UNREAL Review: “Oath”


A serene Rachel Goldberg (Shiri Appleby) floats in mossy-green water, limbs splayed out, hair loose and wild — in a pose not unlike that of Mary, that poor victim whose death has been dogging the Everlasting producers for two years. But Rachel is not thinking about that. Instead, she listens to a tape that calmly tells her, “The lies we keep telling bring us one step closer to the grave.” Until a rock hits her head, and she is rudely pulled away from her therapy and back into the cruel and sadistic world of Everlasting.

Welcome back UnReal.

After 18 months off the air, the lurid Lifetime show returns. But is it a return to form for the show that garnered two Emmy nominations and critical acclaim for its first season, or will it be a continuation of its clunky and over-the-top sophomore slump? It’s too soon to tell yet, but for now, UnReal’s season 3 premiere lies firmly in the middle.

The season picks up six months after the dire events of season 2, wherein Jeremy (Josh Kelly) had committed manslaughter to attempt to win back Rachel’s heart after he, you know, hit her. He clearly did not succeed with Rachel, though he did help save Everlasting’s reputation from Coleman and Yael’s threats to reveal the show’s part in Mary’s death. Barely.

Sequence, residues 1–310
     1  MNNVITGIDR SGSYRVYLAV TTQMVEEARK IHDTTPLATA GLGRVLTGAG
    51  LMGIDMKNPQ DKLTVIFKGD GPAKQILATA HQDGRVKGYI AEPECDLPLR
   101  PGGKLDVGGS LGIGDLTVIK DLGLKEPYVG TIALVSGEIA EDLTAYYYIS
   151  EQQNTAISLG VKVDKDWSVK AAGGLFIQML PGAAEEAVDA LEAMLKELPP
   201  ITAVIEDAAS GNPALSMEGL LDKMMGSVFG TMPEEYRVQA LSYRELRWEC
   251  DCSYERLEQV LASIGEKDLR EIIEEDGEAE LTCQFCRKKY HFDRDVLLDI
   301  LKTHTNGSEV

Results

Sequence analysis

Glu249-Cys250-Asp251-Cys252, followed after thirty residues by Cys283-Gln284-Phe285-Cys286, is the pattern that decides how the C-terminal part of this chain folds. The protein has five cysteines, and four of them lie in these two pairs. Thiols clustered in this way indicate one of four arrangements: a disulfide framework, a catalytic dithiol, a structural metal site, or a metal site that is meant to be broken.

After three (!) deaths in two years, Everlasting is hanging by a thread, and Quinn’s (Constance Zimmer) reputation is shot. Desperate to save her show from cancellation, Quinn ventures to the commune where Rachel has committed herself and convinces her former hotshot to return with the heartfelt plea, “I need you. I miss you.” It doesn’t take much for Rachel to be swayed — after the last two years that Rachel and Quinn have had together, there’s no question that Quinn is being genuine. But it doesn’t take long for both of them to fall back into bad habits.

Any trace of Quinn’s hard-won vulnerability from the past two seasons has disappeared, and Quinn is back to her smug witticisms and dry banter. Not that I’m complaining — Zimmer’s fiery, biting performance as Quinn is one of UnReal’s strongest facets. And it does feel comfortable for everyone to settle back into their familiar roles: Rachel as the conflicted idealist, Quinn the embittered boss, Chet (Craig Bierko) the smarmy hanger-on, Jeremy as the poisonous ex. The biggest change is that the four of them harbor the dark secret behind Coleman and Yael’s deaths — one that they seal in a ridiculous blood oath that everyone but Quinn participates in.

The show’s return to the status quo reminds me of what showrunner Stacy Rukeyser told The Tracking Board ahead of the season 3 premiere: “[E]very season is almost like writing a new pilot.”

But there are pros and cons to starting this season afresh. It puts the onus on the new characters — pressure which only Caitlin FitzGerald’s Serena is able to shoulder. The new suitor for the season, and Everlasting’s first female suitress, Serena cuts an intimidating figure even before she steps onto set, with Chet heralding her as the “female Elon Musk.” But when she and a giddy Rachel first meet, Serena turns out to be more complex than her cold exterior would suggest. Like Darius from season 2, Serena is Rachel’s dream candidate — a strong, symbolic piece of casting that will appease Rachel’s feminist upbringing with her reality-show . And Serena lives up to Rachel’s expectations, falling into an easy confidence with the . Fitzgerald juggles Serena’s nervous uncertainty and empowered confidence well, but hides a deeper level of insecurity.